The worlds of fashion and automotive have always been destined to collide. Both are about that ultimate combination of form and function, where the elements of design — color, silhouette, materials, and texture — come into critical play to appeal to our psyches … and our egos.
Men, particularly, may find that the right car is a more fitting expression of their personal style than, say, the right suit, or the perfect wash on a pair of jeans. So, while the peak expression of sartorial style might be a Savile Row bespoke suit, what could be a more personal expression — and public declaration — of one’s station in life than a custom made automobile?
Twenty years ago Horacio Pagani left a lucrative design career at Lamborghini to start his own company. Since then, Pagani Automobili has established a reputation for manufacturing some of the finest automobiles on the planet. In twenty years the maker has created around 300 cars for around 200 customers. Underachiever, you say? At more than two-million bucks a pop, the brand isn’t exactly worried about corporate performance. And for owners, there can even be a return on the investment: One Pagani owner sold his car back to the company when it opened the Horacio Pagani Museum in 2017 for about $4 million.
This spring, Piloti Inc., a Canadian maker of high-performance footwear for driving, collaborated with Pagani to create The Roadster Driving Boot. To celebrate the collaboration, I was given the opportunity go for a ride (yeah..a ride: they weren’t trusting me behind the wheel of one of these priceless gems) with Christopher Pagani, Horacio’s son, and head of North American operations for the brand.
While I’m not a motorhead, I do appreciate cars from a design perspective, and on this trip was given quite an eyeful. From the antenna-like side-view mirrors to the iconic four-pipe exhaust system, Pagani machines are curvaceous and uniquely outfitted. The cars are a crash course in materials science, crafted from custom-molded carbon fiber, sumptuous leather detailing on the interior. While we drove around the Intracoastal, Christopher pointed out the car’s active aerodynamics: flaps on the car that constantly adjust to conditions, cornering and, of course, the skill of the driver. They move much like the flaps on an airplane’s wings.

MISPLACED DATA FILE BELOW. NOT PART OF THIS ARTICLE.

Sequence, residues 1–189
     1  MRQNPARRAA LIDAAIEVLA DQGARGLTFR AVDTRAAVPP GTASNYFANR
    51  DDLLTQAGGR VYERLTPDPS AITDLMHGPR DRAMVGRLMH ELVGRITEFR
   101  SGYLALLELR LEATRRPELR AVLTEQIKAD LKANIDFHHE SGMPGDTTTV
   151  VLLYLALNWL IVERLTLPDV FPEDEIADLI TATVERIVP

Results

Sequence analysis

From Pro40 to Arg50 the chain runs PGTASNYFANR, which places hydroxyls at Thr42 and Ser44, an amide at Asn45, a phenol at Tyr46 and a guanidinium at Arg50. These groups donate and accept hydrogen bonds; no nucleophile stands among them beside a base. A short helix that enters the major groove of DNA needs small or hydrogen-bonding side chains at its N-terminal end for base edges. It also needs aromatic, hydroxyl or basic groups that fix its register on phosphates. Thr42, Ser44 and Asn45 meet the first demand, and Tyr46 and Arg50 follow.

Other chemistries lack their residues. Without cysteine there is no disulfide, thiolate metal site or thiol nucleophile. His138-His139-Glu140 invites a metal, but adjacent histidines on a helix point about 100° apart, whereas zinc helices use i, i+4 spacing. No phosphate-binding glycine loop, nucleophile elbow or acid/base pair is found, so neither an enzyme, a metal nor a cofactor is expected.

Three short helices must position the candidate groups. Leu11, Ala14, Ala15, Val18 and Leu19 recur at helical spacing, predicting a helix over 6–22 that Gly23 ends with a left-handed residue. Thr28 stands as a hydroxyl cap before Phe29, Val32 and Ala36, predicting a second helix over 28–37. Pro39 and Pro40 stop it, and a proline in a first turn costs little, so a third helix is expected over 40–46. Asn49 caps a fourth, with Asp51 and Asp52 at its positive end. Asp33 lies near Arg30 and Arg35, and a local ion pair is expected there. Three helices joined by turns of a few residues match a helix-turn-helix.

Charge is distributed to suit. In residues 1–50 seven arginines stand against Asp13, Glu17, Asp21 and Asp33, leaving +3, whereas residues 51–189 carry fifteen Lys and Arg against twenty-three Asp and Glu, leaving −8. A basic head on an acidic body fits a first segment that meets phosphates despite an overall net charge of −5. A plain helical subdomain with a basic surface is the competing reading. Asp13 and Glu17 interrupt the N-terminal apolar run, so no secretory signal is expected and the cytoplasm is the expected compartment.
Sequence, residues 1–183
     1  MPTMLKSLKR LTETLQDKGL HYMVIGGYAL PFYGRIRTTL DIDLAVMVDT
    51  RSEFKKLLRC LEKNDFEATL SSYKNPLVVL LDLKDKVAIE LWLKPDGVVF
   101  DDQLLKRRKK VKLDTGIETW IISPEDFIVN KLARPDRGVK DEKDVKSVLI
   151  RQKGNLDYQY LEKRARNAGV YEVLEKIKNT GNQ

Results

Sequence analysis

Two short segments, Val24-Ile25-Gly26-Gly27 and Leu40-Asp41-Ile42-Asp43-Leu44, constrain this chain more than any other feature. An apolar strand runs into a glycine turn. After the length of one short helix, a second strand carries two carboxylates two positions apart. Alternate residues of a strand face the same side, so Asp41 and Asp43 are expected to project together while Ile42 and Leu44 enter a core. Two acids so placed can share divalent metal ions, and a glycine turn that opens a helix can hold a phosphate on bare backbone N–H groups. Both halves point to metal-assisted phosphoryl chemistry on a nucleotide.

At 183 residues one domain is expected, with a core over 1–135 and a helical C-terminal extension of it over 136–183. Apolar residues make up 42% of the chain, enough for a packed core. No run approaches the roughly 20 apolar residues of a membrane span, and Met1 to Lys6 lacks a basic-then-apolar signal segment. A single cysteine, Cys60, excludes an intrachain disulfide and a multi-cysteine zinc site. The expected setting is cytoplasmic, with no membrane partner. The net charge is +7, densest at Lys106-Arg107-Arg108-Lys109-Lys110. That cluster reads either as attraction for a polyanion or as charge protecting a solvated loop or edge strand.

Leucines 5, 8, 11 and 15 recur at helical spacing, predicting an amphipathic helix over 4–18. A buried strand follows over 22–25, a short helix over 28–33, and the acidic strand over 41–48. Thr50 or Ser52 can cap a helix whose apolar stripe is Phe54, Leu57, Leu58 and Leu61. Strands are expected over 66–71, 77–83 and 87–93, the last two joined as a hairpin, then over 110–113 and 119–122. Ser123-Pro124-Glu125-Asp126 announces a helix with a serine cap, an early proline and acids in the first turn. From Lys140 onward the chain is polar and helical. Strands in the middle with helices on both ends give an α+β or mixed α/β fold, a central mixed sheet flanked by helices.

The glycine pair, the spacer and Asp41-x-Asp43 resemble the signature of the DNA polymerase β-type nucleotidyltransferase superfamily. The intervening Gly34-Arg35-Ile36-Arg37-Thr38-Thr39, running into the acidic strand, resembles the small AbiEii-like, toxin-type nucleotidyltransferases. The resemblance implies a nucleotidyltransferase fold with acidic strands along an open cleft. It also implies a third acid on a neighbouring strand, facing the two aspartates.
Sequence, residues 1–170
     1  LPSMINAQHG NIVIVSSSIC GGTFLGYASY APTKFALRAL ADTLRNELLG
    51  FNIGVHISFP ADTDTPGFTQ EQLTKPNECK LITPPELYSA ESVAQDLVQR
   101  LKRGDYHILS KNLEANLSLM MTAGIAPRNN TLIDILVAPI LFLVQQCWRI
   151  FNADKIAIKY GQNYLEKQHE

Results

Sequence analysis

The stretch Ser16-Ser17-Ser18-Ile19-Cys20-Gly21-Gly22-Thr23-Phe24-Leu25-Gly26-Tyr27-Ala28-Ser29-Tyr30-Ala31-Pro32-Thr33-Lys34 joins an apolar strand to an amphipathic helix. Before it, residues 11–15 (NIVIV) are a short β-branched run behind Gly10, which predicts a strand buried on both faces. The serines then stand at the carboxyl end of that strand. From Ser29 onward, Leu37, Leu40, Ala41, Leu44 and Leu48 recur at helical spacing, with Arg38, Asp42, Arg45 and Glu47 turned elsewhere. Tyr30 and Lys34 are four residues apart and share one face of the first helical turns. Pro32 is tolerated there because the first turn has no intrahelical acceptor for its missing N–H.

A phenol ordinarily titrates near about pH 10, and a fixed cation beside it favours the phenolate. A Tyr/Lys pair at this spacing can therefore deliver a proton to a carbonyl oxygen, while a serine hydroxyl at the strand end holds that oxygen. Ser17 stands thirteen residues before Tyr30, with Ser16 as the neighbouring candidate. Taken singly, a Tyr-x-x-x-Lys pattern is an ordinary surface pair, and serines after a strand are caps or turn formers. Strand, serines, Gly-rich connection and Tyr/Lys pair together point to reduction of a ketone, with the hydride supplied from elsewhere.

And who owns these beauties? The usual suspects. Entrepreneurs. Investors. Old money. New money. Apple and Google tech types. A customer in Hong Kong bought one for each of his four children as each of them learned to drive. Some take their cars to racetracks. For some, it’s their everyday drive. Others are collectors and treat them like works of art. One owner utilizes the car as the wall between his living room and bedroom. A Newport Beach client is also a Hermes fan (check out #paganihermes on Instagram), so the interior is specially decked out in the luxury brand’s signature leather.
“Our customers usually want to be very involved in the process,” said Christopher. “They’ll come to Italy to meet my father and the design team. The process of owning a Pagani includes building the car almost more than driving it. We’ve even had some customers rent houses in Modena so they can be present throughout the manufacturing operation.”
Christopher explained how his father developed the carbon fiber used in the car and noted that he’d seen the advantages of the material 25 years ago – before it became as commonly used as it is today. He explained several other technical components that the brand instituted, but to be honest, right about there my notes got pretty sloppy as we raced around town. Let’s just say it’s not easy to hold a pen in a properly piloted Pagani, even on city streets.